Peter W. Voorhees. Departments of Materials Science and Engineering and Engineering Sciences and Applied Mathematics, Northwestern University. Phase field crystal (PFC) models have been used to describe a wide range of phenomena from grain growth to solidification and dislocation motion in crystals. The strength of the method lies in its ability to follow the atomic scale motion that accompanies a process that occurs on diffusive timescales. For example, the evolution of the dislocation structure of a grain boundary and the local atomic displacements of atoms near the boundary during grain growth will be discussed. We find that the atomic scale structure of the boundary gives rise to qualitatively new grain growth kinetics as well as both grain rotation and translation. A PFC model of a solid-vapor interface will also be discussed. We quantify the anisotropic solid-vapor surface energy and find well-developed step energies from measurements on the faceted interfaces. Additionally, the strain field beneath a stepped interface is characterized and shown to qualitatively reproduce predictions from continuum models, simulations, and experimental data. Finally, the dynamic case of step-growth of a crystal into a supersaturated vapor phase will be presented.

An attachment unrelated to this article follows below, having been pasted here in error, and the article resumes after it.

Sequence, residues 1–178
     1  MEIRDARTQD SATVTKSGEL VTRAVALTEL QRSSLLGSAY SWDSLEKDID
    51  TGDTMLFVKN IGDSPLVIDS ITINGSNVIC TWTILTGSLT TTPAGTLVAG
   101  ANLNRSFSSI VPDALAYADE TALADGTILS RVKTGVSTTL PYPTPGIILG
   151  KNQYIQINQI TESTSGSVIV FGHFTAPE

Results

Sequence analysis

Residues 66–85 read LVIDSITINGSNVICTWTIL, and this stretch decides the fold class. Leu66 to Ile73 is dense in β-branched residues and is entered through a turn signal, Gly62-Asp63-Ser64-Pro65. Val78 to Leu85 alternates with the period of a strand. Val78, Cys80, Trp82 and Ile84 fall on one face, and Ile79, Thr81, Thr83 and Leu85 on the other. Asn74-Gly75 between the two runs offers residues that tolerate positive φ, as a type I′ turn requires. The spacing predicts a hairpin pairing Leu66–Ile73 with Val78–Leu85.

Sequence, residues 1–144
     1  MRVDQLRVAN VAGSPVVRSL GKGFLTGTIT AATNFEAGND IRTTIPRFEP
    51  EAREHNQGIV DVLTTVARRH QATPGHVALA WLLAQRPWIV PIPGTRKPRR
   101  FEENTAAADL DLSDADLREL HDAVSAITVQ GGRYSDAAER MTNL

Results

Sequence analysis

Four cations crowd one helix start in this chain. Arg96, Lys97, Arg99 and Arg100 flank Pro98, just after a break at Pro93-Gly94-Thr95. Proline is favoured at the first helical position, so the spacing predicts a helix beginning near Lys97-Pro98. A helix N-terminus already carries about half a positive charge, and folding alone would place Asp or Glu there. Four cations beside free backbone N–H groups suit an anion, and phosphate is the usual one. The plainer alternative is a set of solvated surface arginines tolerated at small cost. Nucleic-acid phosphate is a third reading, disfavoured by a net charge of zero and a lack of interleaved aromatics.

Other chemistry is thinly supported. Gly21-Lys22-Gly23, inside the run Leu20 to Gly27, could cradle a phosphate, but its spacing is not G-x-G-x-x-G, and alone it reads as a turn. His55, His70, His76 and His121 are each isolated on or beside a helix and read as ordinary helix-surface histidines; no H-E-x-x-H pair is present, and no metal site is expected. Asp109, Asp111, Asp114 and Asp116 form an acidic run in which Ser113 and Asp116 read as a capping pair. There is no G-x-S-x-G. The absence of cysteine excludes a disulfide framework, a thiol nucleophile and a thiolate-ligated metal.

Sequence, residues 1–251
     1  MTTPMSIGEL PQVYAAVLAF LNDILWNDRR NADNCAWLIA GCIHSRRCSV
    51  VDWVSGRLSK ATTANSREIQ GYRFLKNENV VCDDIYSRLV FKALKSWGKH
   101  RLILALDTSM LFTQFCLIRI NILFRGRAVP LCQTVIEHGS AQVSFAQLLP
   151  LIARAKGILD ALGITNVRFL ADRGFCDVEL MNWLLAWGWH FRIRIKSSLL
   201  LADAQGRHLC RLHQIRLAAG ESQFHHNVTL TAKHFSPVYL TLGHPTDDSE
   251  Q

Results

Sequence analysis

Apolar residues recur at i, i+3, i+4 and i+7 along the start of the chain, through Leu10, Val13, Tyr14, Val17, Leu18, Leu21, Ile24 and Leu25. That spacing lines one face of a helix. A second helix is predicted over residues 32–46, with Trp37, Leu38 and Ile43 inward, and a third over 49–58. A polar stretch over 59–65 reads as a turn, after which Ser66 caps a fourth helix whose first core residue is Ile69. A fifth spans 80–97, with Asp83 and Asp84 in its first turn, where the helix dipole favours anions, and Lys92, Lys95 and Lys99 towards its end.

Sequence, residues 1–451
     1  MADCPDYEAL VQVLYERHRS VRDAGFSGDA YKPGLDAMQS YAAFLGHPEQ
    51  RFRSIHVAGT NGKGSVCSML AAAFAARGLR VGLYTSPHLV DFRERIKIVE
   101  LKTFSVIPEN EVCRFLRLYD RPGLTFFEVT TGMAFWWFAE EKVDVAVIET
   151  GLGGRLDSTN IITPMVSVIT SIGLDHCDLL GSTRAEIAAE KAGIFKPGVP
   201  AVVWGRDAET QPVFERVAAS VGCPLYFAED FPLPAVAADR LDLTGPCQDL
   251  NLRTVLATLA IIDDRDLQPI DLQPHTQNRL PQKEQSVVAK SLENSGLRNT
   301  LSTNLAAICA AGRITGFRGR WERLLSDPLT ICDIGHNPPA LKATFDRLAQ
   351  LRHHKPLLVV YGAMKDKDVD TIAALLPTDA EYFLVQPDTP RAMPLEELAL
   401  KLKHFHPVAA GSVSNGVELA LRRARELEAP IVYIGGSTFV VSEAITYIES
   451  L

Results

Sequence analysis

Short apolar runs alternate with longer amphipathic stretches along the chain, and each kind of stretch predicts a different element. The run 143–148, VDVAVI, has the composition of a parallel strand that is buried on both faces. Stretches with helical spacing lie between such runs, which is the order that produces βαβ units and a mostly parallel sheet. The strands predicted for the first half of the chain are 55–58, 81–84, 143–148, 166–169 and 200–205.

Joint Materials/Solid Mechanics Seminar: “The Phase Field Crystal Method: from Grain Growth to Solid-Vapor Interfaces”
Monday, April 07, 2014 4:00pm - 5:00pm